So, what do we mean by ambient data? Well, it's location data based on technologies such as GPS, Wi-Fi hotspot maps and Cell ID - all apparently freely available via various resources. Of course, GPS and Wi-Fi require appropriate handsets, although not for long. One of the most interesting presentations came from EMT, who showed an A-GPS enabled SIM that can be inserted into traditional handsets and instantly enable GPS positioning technologies. Evidently, this will be available within the next 12 months and the trial has attracted some degree of deserved attention.

But Cell ID information is readily available and there are growing efforts to provide publicly available databases of the location of base stations. This enables non-operator players to use a combination of the three techniques to offer location based services. Of course, accuracy can be variable, but usually within tolerable limits, particularly in urban areas. Although this is in one sense empowering, at least in terms of user choice, it may well create some thorny legal issues, primarily concerning privacy and liability. There were particularly interesting contributions, both from Stephen Deadman and Jan Willem van den Bos, of Denton Wilde Sapte.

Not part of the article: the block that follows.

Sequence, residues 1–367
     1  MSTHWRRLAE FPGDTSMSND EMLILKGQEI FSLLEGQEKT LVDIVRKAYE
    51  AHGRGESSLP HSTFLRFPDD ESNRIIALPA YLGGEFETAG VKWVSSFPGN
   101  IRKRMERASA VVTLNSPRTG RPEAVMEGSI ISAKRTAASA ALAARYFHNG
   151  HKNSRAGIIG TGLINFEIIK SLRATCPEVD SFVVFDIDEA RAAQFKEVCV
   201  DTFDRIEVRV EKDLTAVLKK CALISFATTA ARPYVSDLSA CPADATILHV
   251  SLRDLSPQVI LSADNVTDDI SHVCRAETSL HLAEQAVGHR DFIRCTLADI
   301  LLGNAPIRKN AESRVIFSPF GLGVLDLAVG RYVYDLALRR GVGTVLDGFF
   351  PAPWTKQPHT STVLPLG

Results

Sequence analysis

Essentially, in the traditional world, in which MNOs have a monopoly on location information, they could control the associated applications and assume full liability for the service. However, in the new world if the operator is neither responsible for the provision of the information, nor for the service itself, who then has responsibility or liability for the protection of privacy and security?

Of course, the answer isn't yet known, but certainly MNOs would want to avoid liability if they have no control over the services. It's an interesting argument and one worth watching over the next few months. Evidently, the issue is before the EU so expect plenty of lobbying from the various stakeholders.

But does this essentially mean that, if location is effectively ubiquitous, the operator has no role in the resulting services? Not at all! We saw plenty of operators talking about how location can be combined with other capabilities to offer services that address specific vertical opportunities. Telecom Italia, Turkcell and others had interesting presentations that addressed this issue. For example, both companies are launching automotive services that combine location information, mapping and related services into a navigation device that is shipped with new cars. Subscription models create a sticky relationship with the operator and justify the expense of subsidising the device.

What's more, in our presentation we pointed out that: